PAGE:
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Goody (or Goodwife) Osborne is one of the first women accused of witchcraft in Salem. It is believed that her name is mentioned because she was of a lower class, and therefore the girls knew the accusations against her would not be called into question. A sickly woman, she had not attended church for three years; a fact which only giving credence to the girls’ claims against her. Tituba also indicates the Goody Osborne has conversed with the devil, but it should be remembered that the Putnam’s have already suggested the name to her, thus giving her a justified reason to call out her name.
Osborne is mentioned in the play, but not seen. In the 1996 movie version, Arthur Miller added her character to the script.
Goodwife Osburn is one of the two women named as witches by Tituba, the Reverend Parris's Barbadian slave. As soon as Tituba names Osburn as a witch (along with Goodwife Good), Mrs. Ann Putnam takes this accusation as proof that Osburn is responsible for the deaths of at least three of her babies because Osburn has served as a midwife to her three times. "My babies always shriveled in her hands!" she cries. In order to increase her own credibility as an accuser, Abigail Williams then repeats Tituba's accusation of Goody Osburn again at the very end of the act. Later, when Mary Warren goes home to the Proctors' house after another long day in court, she tells John and Elizabeth that Goodwife Osburn has been found guilty of witchcraft and sentenced to hang. This is all we learn of Osburn's fate in the play itself.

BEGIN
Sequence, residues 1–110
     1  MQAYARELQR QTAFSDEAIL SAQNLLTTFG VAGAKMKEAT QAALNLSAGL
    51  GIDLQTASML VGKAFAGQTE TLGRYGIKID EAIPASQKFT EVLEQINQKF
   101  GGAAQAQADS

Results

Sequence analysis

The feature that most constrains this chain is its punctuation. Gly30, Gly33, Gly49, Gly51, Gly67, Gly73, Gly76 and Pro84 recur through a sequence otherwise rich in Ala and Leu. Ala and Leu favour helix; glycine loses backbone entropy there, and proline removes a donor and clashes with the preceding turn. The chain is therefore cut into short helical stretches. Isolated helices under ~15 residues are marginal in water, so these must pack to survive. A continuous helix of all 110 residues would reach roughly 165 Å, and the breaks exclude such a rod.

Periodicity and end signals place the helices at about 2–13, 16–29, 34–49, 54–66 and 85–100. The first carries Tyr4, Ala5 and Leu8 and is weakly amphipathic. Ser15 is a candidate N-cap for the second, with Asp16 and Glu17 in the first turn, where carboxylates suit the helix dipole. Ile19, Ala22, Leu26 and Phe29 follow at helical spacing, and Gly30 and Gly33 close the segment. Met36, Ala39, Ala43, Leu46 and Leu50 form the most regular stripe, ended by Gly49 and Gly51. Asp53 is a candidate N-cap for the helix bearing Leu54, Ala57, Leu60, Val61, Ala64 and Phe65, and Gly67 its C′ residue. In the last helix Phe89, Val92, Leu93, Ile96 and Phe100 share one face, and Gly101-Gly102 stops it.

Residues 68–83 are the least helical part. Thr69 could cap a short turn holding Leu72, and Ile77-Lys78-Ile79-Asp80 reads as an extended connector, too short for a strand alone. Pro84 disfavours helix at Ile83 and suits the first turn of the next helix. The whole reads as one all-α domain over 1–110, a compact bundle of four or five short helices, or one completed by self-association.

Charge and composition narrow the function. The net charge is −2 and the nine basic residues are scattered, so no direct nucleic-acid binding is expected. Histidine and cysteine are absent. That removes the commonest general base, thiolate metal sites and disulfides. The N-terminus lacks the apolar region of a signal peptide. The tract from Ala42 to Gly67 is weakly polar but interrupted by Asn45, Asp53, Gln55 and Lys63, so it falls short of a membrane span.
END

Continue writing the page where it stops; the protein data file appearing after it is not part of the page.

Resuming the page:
Sarah Osborne was one of the 1st three women to be accused of witchcraft.
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